NOTEBOOK: Future of journalism: unknown
PERRY BEEMAN May 9, 2019 | 8:36 pm
3 min read time662 wordsBusiness Record Insider, The Insider Notebook
A cross section of local journalists assembled by Drake University April 15 said the future of journalism will hang in part on connecting with people’s lives, being willing to innovate and retaining integrity.
The event staged by the Drake School of Journalism and Mass Communication featured retired KCCI veterans Dave Busiek and Kevin Cooney, Bleeding Heartland blogger Laura Belin, Business Record Publisher and Executive Editor Chris Conetzkey and Des Moines Register reporter Linh Ta.
They were asked a bunch of questions that are nearly impossible to answer, and Ta for one said that if she truly knew how to push journalism into a prosperous future, she’d be a billionaire.
But they took some time to reflect on their profession in an era of massive layoffs, dwindling pages, nonprofit experiments, clickbaiting and upheaval.
Busiek, the former KCCI news director, began with a less-than-uplifting summary. “I doubt there is anyone in journalism today who isn’t wondering what the future will be. If they’re not, they should be. Print circulation is plummeting nationwide, digital dollars come nowhere near what print ad revenue used to bring. Print newsrooms, employment numbers, [have dropped by] at least half of what they used to be. TV news audiences are dwindling and becoming increasingly older. It’s harder than ever for TV news stations to stand out in this competitive landscape. Even digital news sites are stumbling with BuzzFeed, Yahoo and Huff Post announcing layoffs at the beginning of this year. We’re in an era when facts and truth aren’t believed as much as they once were. They were under constant attack by world leaders who should know better, most especially here in the United States.”
So what does the future hold?
Busiek asked former KCCI anchor Cooney what the biggest impediment to good journalism is now. “I’m not sure,” Cooney responded initially. “It may seem abstract, but I think the biggest problem for journalism right now, and maybe for journalists themselves, is doubt. …The cliches of ‘fake news’ and ‘enemy of the people’ certainly are an element of that.”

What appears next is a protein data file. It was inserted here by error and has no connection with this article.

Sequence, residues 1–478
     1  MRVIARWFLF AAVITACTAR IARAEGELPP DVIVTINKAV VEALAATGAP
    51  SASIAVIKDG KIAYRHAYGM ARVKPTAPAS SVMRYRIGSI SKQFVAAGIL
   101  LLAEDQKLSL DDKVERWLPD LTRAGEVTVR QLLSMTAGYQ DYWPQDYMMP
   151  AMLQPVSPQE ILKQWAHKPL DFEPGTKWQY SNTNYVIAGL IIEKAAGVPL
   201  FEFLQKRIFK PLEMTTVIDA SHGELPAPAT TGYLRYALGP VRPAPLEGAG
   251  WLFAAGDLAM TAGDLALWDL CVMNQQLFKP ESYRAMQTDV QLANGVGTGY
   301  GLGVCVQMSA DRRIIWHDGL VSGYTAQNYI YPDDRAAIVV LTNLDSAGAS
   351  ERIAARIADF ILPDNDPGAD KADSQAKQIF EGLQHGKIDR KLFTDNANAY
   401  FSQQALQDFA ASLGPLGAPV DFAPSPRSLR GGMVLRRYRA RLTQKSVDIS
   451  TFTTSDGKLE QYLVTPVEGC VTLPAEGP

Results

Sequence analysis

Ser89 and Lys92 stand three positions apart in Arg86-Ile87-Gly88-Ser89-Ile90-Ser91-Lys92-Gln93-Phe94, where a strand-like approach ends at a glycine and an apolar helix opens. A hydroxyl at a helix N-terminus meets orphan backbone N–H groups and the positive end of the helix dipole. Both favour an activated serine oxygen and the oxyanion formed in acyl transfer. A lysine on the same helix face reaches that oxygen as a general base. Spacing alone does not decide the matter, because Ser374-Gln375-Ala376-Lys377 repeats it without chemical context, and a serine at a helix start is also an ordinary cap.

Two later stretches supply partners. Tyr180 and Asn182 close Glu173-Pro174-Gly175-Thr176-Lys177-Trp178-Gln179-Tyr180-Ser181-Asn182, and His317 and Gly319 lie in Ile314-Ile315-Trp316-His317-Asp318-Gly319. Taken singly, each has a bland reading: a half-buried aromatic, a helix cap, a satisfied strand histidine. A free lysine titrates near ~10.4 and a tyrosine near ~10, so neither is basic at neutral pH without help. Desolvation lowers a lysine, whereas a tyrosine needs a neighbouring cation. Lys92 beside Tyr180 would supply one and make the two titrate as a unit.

Ta said that in her Google search when she considered a career in journalism (she majored in political science and government at the University of Northern Iowa), she read the field was declining. But she was driven by the same “change the world” thoughts that many of us had. “We don’t have a society without journalism,” Ta said. And when people talk of “fake news” and suggests actions against journalists, she points out, “I’m your neighbor that goes to Hy-Vee, the same Hy-Vee you go to, and I’m watching “Game of Thrones,” just like you are.”
Belin said the biggest problem is a decline in audience and staffing. Among other things, that has weakened coverage of how governments are doing business. “I wish I had the answer,” she said. “I don’t have the answer.”
Belin’s blog has been widely praised for investigative reporting on politics but she said the fact that she inherited a house 20 years ago, and doesn’t have a mortgage, is the only reason she can afford the run the operation.
“In the future, I think there will have to be more websites, and they probably will have to either sell reader subscriptions or ask for donations,” Belin said.
Conetzkey said the Business Record has thrived by aiming at a specific audience that is in regular contact with the reporters covering local businesses.
“Our owner is here locally in the community,” Conetzkey said. “She serves on boards in the community. She gives her money back to the community. The people on the staff are part of the community and are supposed to be involved in organizations.
“We’re trying to run a business, there is no question about that. But it’s in a completely different way than when you have stockholders that are expecting you to make profits at a rate that you just can’t make in the media business the way you could prior to 2000,” Conetzkey added.